Public support grows for proposed budget

Published 12:00 am Friday, May 6, 2005

Despite soaring real estate assessments, few residents called for cuts to the City Manager R. Steven Herbert’s proposed $314.5 million operating budget at Wednesday’s public hearing.

Most of the 30 speakers who addressed city lawmakers supported Herbert’s recommendation to keep the real estate tax rate at $1.08 per $100 of existing value.

&uot;It is the best deal in Hampton Roads,&uot; said downtown developer Mickey Garcia. &uot;Suffolk is ripe and it is time we prosper around here. We need the money,…we are a growing city.&uot;

Email newsletter signup

The increased revenue is critical to helping fund the city’s ongoing capital projects – the Fairgrounds revitalization and a library and school under construction in north Suffolk – and to maintaining quality of life for residents.

Herbert’s proposed budget earmarks $39.1 million for schools, about 15 percent more than the system currently receives. The amount includes funding to give teachers a 6 percent pay raise, operate an alternative school and expand the Head Start program.

The budget also includes average 4 percent pay raises for other city employees, $1.2 million to pay state-mandated overtime to police and firefighters, approximately $1.5 million to raise firefighter and police pay to the levels of neighboring cities, and $300,000 for the Fairgrounds project.

&uot;With the student population growing at a record pace, we need at least one school under construction on an annual basis just to keep up,&uot; said school board member Billy Hill. &uot;The needs and expectations of the community have changed.

&uot;You have challenged the School Board to move the school system to the next level. We are beginning to make progress …and we need the money to do that.&uot;

Several members of the Fairgrounds committee said the additional funding is vital to moving ahead with the project.

&uot;This increase will enable us to keep moving forward with the Fairgrounds,&uot; said William Goodman. &uot;We are acquiring property and closing on property. We have to have the necessary funding to be able to do that.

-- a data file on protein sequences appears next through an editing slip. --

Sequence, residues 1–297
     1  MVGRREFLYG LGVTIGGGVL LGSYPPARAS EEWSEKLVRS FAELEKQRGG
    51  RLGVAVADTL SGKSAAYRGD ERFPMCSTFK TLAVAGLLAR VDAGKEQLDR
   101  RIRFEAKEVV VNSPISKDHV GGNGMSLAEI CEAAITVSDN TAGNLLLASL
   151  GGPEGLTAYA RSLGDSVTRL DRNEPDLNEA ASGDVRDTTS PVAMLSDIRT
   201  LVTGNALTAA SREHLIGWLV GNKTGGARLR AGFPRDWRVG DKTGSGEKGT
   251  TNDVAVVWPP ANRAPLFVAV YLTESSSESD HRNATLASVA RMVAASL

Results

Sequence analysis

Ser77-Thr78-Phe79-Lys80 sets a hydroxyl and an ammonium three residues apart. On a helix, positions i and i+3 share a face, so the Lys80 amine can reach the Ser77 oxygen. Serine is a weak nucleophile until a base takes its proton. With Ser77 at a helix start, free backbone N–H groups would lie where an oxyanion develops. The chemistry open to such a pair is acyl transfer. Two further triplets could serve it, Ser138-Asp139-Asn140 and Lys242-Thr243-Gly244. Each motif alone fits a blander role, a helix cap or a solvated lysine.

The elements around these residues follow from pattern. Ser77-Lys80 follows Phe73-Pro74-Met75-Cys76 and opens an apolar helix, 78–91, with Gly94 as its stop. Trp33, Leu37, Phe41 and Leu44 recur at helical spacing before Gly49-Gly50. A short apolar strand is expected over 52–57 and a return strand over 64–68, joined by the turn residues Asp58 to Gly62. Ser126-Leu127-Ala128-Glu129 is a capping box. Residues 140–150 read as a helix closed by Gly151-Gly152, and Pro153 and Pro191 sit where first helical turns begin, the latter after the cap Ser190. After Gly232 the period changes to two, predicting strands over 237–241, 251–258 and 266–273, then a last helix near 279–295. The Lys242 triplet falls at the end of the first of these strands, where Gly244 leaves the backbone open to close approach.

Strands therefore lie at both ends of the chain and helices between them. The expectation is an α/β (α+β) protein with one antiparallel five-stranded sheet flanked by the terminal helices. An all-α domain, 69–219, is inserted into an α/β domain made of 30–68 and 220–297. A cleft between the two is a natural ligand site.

&uot;We are a growing city…and it takes money to do that and provide the services we have to have.&uot;

Whaleyville businessman Roger Leonard called on council members to push Herbert to make budget cuts.

&uot;If the city manager cannot find 1 or 2 percent of fat in a bloated budget, there is a problem,&uot; he said. &uot;Many of the downtown musketeers up here tonight all wanted something from you.

&uot;The silent majority of us have to pay those bills and reach a little deeper in our pockets to come up with the extra money. A 1 percent cut from the budget will do the nickel that (Councilman) Curtis (Milteer) is talking about.&uot;

Although council members overwhelmingly supported funding increases proposed for schools and public safety, several said they believe the city needs to find ways to give citizens a break.

&uot;There are people out here who can’t get a dime of tax relief…they fall through the cracks,&uot; Milteer said. &uot;I think it’s time to make adjustments in the rates.

&uot;For the last 20 years, we have been taking and taking and giving nothing back.&uot;

Vice Mayor Leroy Bennett said he would like to see a 2 percent reduction in the tax rate.

&uot;I think we need to be fair to the people of the city,&uot; he said. &uot;We need to look at what services would be jeopardized if we reduce the rate.&uot;

The council is holding a budget work session at 7 p.m. May 16.

The budget could be approved as early as the May 18 council meeting.